While all this is going on, Alex is throwing a party, because that’s the best way for her to seem totally fine, and totally not culpable for anything, and totally in charge of the situation. It’s very important for Alex to be in charge, and this Bradley situation clearly has not given her that feeling the way she thought it would. At her party, Bradley is all anyone can talk about, and Alex is desperate for Maggie to arrive so she can put her own spin on whatever Bradley may have told her in their interview.

Once Maggie arrives, Alex wastes no time suggesting that it was a challenging first week for Bradley, but of course, “She was quite shell-shocked when I told her she had to go on air Monday.” Oh, that’s right — Alex can’t say she went rogue and guerrilla-hired Bradley as her co-anchor, but she can suggest that she made the decision to rush her on air. Because Alex knows what the show needs: “A fresh start, a feminist slant, and Bradley came on like a superstar… I mean, for someone who has zero anchor experience, she did great.” Oh, Alex. How transparent can you be? By time Alex is suggesting that she coached Bradley through asking the difficult questions in the Ashley interview, Maggie’s smirk has crept up to her ears.

“Oh, come on, Alex,” Maggie snorts. “I have tremendous respect for you, but I am not goging to write some feminist puff piece about a woman who turned a blind eye to the sexual misconduct of her cohost.” It appears that no one is buying what Alex has been trying to sell. Except Cory… maybe. It’s hard to say what Cory is thinking ever, but he pulls Alex aside at her party to say that he wants her to hear it from him: “You were right… That Bradley stunt was genius, and I want us to find a way to work together.” But this time, Alex is the one not buying it.

So Cory does what any completely insane, unpredictable person would do. He buys the thousand-dollar opportunity to sing show tunes for charity, and then announces that Alex will be joining him on stage. And then, I kid you not, Billy Crudup and Jennifer Anniston duet on perhaps the most confusing rendition of “Not While I’m Around,” from Sweeney Todd, ever. To quote Yanko, who I love, when Daniel asks him what the f— is going on: “I don’t know, but it’s weird… and fascinating… and I’m super into it.” And that also seems to be the way that Cory and Alex experience crooning to each other about not letting any harm come to the other while they’re around. They look confused, but also like they kind of… mean it?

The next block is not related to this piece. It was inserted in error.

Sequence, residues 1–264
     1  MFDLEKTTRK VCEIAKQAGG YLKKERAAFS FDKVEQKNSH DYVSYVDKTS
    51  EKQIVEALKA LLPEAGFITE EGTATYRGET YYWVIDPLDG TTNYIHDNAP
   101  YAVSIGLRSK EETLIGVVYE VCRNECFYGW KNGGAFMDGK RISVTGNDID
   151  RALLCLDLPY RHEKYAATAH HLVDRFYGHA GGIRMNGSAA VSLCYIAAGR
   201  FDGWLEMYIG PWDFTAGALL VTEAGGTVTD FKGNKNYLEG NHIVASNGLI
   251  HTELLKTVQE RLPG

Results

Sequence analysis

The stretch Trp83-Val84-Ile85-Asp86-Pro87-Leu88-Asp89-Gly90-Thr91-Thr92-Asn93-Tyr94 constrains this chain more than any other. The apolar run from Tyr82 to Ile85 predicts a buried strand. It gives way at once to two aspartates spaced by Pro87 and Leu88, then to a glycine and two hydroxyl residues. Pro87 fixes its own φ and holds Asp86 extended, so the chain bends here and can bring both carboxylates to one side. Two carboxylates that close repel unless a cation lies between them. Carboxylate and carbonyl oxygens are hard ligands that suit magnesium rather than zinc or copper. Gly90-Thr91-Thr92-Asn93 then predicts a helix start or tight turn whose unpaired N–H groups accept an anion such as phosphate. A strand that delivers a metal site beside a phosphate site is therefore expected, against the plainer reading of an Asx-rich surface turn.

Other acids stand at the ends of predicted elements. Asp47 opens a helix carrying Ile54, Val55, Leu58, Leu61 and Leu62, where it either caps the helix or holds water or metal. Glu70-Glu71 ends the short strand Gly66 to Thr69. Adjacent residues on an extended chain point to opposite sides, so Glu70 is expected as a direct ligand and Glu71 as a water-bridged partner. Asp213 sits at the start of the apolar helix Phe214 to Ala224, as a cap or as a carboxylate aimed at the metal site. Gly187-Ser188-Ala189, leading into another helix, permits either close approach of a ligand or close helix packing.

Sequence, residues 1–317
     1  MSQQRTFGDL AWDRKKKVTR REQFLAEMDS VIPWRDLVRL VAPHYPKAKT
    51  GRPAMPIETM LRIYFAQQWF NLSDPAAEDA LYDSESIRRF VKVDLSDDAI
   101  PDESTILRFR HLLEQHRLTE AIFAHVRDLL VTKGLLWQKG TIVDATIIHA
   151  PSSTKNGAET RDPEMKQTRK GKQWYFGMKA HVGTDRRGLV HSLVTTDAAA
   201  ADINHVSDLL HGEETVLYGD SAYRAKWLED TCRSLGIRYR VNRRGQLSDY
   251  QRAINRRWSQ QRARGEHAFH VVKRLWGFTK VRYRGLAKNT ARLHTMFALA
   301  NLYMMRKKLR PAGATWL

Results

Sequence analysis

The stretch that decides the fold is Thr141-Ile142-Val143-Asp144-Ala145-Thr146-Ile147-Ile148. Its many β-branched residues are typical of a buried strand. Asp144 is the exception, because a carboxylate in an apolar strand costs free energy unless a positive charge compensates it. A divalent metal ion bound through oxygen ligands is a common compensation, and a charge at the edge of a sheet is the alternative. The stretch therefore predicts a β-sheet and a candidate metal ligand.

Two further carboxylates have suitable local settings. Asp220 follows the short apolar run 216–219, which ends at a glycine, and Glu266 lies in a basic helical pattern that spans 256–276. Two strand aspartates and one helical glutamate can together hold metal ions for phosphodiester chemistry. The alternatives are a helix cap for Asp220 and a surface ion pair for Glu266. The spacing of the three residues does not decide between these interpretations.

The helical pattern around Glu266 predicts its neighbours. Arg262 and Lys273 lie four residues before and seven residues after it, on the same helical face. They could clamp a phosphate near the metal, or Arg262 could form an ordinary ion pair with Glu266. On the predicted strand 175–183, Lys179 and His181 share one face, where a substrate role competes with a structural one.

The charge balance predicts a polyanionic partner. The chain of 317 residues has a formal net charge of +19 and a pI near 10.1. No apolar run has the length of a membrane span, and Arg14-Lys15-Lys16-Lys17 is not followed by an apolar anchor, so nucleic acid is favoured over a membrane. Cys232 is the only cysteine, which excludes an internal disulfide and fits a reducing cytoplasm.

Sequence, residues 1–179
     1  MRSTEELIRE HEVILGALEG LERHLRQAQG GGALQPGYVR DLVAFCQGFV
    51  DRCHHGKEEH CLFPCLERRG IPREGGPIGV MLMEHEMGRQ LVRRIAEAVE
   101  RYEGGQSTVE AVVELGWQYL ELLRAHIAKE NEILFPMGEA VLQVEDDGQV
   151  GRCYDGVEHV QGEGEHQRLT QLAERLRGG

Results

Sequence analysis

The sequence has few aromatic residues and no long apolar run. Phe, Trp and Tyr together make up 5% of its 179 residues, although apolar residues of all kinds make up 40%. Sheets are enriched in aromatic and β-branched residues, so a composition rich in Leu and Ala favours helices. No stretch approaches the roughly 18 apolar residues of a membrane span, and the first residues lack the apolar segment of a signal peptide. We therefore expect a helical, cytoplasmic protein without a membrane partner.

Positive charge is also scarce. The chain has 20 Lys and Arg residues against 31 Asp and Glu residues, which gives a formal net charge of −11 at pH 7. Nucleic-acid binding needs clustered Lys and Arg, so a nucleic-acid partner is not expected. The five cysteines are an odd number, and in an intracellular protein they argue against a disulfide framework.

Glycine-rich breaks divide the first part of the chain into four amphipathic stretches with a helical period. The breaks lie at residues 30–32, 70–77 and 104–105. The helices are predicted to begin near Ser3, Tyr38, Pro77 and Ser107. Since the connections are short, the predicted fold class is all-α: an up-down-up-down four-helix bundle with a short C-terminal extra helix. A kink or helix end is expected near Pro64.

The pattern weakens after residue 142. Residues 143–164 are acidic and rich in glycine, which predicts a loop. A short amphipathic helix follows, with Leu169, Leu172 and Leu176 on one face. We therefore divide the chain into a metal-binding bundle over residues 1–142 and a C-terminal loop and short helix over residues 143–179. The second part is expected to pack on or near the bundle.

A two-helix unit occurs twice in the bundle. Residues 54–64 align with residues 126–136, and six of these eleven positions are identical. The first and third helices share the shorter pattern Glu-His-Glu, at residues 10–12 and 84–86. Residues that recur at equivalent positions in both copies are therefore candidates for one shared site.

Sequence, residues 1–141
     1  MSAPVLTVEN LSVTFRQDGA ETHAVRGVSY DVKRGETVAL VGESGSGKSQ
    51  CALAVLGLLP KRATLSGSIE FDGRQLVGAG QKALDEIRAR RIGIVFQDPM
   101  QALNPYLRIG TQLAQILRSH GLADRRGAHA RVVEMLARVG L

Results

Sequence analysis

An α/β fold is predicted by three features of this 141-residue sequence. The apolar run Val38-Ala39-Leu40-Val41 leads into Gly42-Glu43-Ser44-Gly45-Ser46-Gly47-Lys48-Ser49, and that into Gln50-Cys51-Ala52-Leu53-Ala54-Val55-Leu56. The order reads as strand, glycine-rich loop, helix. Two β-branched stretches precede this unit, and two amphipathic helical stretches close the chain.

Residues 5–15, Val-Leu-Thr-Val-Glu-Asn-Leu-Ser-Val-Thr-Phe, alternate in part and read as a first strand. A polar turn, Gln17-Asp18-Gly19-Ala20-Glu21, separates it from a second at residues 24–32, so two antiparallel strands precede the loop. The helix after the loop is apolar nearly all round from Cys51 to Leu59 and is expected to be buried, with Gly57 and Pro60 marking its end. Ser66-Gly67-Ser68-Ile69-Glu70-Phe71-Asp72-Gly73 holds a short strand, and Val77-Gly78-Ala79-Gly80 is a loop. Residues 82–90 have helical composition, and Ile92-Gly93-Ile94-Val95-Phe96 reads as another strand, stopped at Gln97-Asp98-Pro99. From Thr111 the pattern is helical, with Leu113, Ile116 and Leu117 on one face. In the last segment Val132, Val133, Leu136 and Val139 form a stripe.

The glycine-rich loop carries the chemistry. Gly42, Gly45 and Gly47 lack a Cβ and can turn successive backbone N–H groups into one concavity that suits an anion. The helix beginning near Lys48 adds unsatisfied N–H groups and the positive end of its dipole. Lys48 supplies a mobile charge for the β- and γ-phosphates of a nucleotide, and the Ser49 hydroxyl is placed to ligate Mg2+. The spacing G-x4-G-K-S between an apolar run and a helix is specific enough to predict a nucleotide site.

At the end of the song, Alex is so overwhelmed by emotion she has to rush off stage, and Cory looks unsure of what just happened for maybe the first time in the history of this show.

And the wheels are basically falling off all over town. Bradley was invited by some of the younger staff to celebrate Claire’s birthday, and once everyone is sufficiently drunk, the conversation turns to Mitch. When Claire gets rather brazen with her suggestion that the old guard probably enabled his creepy behavior, Mia snaps: “What the f— do you know about this show, what it’s been, what I’ve seen, what I’ve gone through?” Which… fair. But then things get a little more personal when Mia grits out that it’s not all black and white, and “this s— is complicated, people are complicated, Mitch was complicated.”

Hannah looks particularly salty about what seems to be a semi-defense of Mitch, but Mia quickly recovers from and apologizes to Claire, excusing herself to go home. And then…

The article drops. It seems that Chip’s guilt-tripping of his editor pal must have worked, and the Times dropped the “everyone knew what was going on” quote for the Mitch-crashing-the-office story and a nice long quote from Fred about Mitch never working again. But Mitch doesn’t know that yet — he’s sitting in his car with Alex, who rushed off stage with Cory and right to Mitch because, as she told her husband, she needed to see her friend. Things quickly turn from friendly to charged, though, as Alex and Mitch banter back and forth with that oft-touted chemistry of theirs.

Mitch pulls the car over and turns off the music, and says, “You miss me, admit it.” Alex won’t say it, but she will giggle, and Mitch says they should finally give it a try. He’s getting a divorce, she’s separated, for the first time ever, they could actually date. “I’m sure it’s every little girl’s dream to settle down with a sexual predator,” Alex says, which is hilarious, and yet when Mitch leans in for the kiss, she leans right back. I do not like it! Thankfully that’s the moment they get the notification that the Times article has gone live.

And Alex is faced with the full reality of Mitch, not just her friend. She looks sick. Alex says she needs to go home, and Mitch whines, “Come on, Alex, you knew all about this stuff.” And there it is: Alex knew. She clarifies that she knew in theory, “But this just… Reading this just felt really different.”

Lucky for Alex, Bradley currently has her investigative radar dialed all the way down. While she’s out with the girls, Bradley gets a phone call from her estranged father that throws her for a complete loop. In some ways, it’s kind of a nice conversation, and when Bradley’s father says he called her up after 15 years because he really just wanted to tell her how proud of her he is, she looks happy. But in the end, she tells him he can’t call her anymore. He says to take care of herself, and she says she always has…

And then she goes inside, gets extremely drunk, and has sex with the bartender in the supply closet. Because our girl has a self-destructive streak! Luckily, she also has a friend now. No, not the bartender — Cory. And so help me, I like their relationship forged out of how equally but differently weird they are. At the hotel they’re both staying in, Cory escorts Bradley into the elevator; she tells him how she “f—ed this bartender” and now she’s scared because “I guess I’m famous now”; Cory lets her cry in his arms and tells her it’s going to be fine.

Across town, a different anchor is offering very different assurances to a different UBA executive. Calling Fred up while he drives angrily back out of Manhattan following his failed rendezvous, Mitch sneers: “If I’m going down, you’re going down with me.”